Using Downloaded Fonts

For almost as long as I have been using Microsoft Word and PowerPoint, I have enjoyed downloading a range of fonts to enhance the appearance of my presentations or documents.

A couple of people have asked me lately how to use downloaded fonts. This post is an overview.

I’m sure many people agree Times New Roman, Arial, Comic Sans and Jokerman can be a little overused in Office documents.

There are thousands of other fonts available that people around the world have created and shared.




Find a website:

There are a plethora of websites on the internet offering free fonts. Here are just four

1001 Free Fonts
Urban Fonts
Action Fonts

If you google “free fonts” you will find many many more.

Choose your font:

Some websites offer thousands of different fonts and it can be a bit overwhelming to find one you like.

Most websites organise their fonts into categories such as calligraphy, cartoon, handwriting, stencil etc. This helps you browse to find the types of fonts you are after.

Tip about choosing fonts:

Some fonts don’t include punctuation or numbers. Other fonts have some strange features such as a raised full stop or some uppercase letters looking like lowercase letters.

It pays to play around to find fonts that you find functional. Downloading fonts is so quick and easy that it doesn’t matter if you download some that you decide aren’t useful to you. You can delete them later.

User agreements:

While there are thousands of free fonts available on the internet, most of them are only free for private use. On some sites, the font downloads with a readme.txt file with information about the font, author and usage licence. Other sites like tell you about the licence information next to the “download” button.


If you have Windows 7, you simply need to find a font online and click on the download button. When the download box pops up click on save file. You then need to unzip and install your font. Double click on your font to open it and click on extract all files on the tool bar up the top. When your file extracts, double click on the file name and you will be able to see a preview. Finally, click on install on the top toolbar in the preview. Your font should now appear in programs like Microsoft Office (your might need to restart first).

If you have earlier versions of Windows you usually need to copy and paste the extracted file into your fonts folder (you can find this in Control Panel).

More detailed instructions and instructions for Macs can be found on most of the font websites. This site also has some detailed instructions for various operating systems.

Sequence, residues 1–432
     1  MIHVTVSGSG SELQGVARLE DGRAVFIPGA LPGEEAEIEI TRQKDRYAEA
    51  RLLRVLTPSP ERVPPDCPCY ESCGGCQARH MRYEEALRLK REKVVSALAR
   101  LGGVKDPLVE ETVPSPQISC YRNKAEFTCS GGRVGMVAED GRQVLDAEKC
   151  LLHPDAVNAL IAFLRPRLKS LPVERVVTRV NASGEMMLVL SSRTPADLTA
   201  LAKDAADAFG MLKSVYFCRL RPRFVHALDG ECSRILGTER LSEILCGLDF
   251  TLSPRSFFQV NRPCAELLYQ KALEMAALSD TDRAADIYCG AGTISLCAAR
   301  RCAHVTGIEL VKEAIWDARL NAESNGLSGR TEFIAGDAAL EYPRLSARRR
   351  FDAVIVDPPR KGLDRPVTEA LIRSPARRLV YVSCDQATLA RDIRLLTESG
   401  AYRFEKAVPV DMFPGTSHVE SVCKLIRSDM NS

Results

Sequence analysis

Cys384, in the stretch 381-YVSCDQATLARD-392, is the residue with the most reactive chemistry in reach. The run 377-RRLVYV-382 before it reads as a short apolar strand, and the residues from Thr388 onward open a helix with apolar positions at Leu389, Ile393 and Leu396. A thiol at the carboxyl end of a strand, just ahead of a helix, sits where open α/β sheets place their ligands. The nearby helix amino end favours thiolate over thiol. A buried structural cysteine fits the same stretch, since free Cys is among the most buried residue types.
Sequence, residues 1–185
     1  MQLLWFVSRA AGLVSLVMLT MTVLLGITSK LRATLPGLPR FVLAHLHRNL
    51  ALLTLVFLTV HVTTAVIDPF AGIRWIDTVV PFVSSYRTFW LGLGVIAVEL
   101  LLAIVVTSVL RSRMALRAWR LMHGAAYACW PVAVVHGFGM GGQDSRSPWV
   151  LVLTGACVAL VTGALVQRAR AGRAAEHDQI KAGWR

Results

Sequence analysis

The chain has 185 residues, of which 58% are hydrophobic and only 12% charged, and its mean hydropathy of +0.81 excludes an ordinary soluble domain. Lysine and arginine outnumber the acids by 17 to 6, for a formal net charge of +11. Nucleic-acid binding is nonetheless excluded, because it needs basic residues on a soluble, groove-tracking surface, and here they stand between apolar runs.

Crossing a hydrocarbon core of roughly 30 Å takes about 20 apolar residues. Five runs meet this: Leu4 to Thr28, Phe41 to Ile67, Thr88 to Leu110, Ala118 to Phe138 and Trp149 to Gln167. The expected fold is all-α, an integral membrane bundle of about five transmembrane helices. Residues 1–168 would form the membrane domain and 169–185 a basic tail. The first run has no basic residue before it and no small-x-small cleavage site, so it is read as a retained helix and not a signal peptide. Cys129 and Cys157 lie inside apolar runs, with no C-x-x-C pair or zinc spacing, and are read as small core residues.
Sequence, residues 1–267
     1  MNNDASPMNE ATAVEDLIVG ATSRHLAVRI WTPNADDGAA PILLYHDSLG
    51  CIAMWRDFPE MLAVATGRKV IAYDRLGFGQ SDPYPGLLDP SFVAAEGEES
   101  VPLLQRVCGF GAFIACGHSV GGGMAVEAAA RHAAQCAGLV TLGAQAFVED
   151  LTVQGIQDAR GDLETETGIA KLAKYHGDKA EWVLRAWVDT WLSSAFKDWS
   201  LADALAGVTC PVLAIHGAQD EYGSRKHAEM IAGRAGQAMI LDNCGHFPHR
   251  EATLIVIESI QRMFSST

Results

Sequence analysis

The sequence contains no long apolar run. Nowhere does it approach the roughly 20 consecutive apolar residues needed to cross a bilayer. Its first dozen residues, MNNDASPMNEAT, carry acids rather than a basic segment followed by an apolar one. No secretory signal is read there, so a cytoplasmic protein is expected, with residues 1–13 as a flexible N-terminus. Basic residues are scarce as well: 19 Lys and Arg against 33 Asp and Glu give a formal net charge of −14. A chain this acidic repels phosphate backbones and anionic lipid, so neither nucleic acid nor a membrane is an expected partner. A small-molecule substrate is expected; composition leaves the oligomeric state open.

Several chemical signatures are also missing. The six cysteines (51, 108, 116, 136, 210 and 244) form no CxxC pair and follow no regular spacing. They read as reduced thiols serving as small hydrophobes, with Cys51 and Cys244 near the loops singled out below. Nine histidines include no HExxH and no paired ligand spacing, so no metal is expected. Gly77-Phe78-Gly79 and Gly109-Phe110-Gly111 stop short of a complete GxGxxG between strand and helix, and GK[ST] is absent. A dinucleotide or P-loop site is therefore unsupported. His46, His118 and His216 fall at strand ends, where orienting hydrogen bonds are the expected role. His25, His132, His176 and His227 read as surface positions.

Important note about downloaded fonts:

Sometimes, people don’t realise that while their downloaded fonts look great on their computer and documents, they will not appear on others’ computers unless they have installed the same fonts. That means if you’re sharing a Word Document or PowerPoint with someone, the fonts will revert to a (not very pretty) default font. Your formatting might also be all off making your hard work look like a bit of a mess!

If you’re emailing someone a Word document and you want them to see your downloaded fonts, you can send it as a PDF. In Office 2010, go to file, save and send, send as PDF. While there are ways to embed some fonts into Word documents, I have found sending as a PDF to be the quickest and easiest method.

If you’re preparing a PowerPoint to use on another computer, it’s best to choose standard fonts to avoid the formatting issues.

Deleting fonts:

If you download fonts and you decide don’t want them, you can delete them. Your fonts will be easier to navigate if you don’t have to sort through ones you don’t like to find what you’re after.

In Windows, go to Control PanelFonts and right click on the fonts you don’t want. Press delete.

Final note:

Just because you’ve downloaded many fonts doesn’t mean you should use them all, or even three or four, in one document. I believe overusing fonts can look a bit like a jumbled mess. I like to stick to using two fonts per document, one for the heading and one for the body – unless you’re creating some sort of poster or newsletter where you want to create an eclectic look.

You also want to make sure your fonts are easy enough to read. Some fonts are attractive but difficult to decipher.

Have fun with fonts!

Do you download fonts?

What tips do you have about downloading fonts?

Do any Mac users have some insights into downloading fonts to share?

2011 School Year Begins

Today was the first day back at school for teachers in Victorian Government Schools.

All schools are spending the first three days on professional development and planning.

This year my school is focussing on in-house professional development. Each Monday night teachers will be presenting on Literacy, Numeracy and ICT. I am in charge of ICT professional development.

Last year, I set up a weekly lunch time ICT Drop in Session for teachers to assist them with blogging, IWBs and general ICT questions. I hope to continue with this this year to follow up on my Monday night sessions.

Today I presented to my staff about ICT. My guidelines were broad so I decided to offer my Top Ten Tips to Integrate Technology in the Classroom.

The ideas in the presentation are some of the areas that I will cover in PDs throughout the year. I knew not everything in the presentation would appeal to all teachers however I hoped there was something to inspire everyone.

The highlight of the presentation was skyping with the wonderful Linda Yollis in California, USA. Linda not only spoke about some of the ways she had used Skype in the classroom but demonstrated how Skype is actually used for those teachers who were unfamiliar with this tool.

How does your school structure professional development?

What are you focussing on at the start of the school year?

What would you include in your Top Ten Tips for Technology Integration?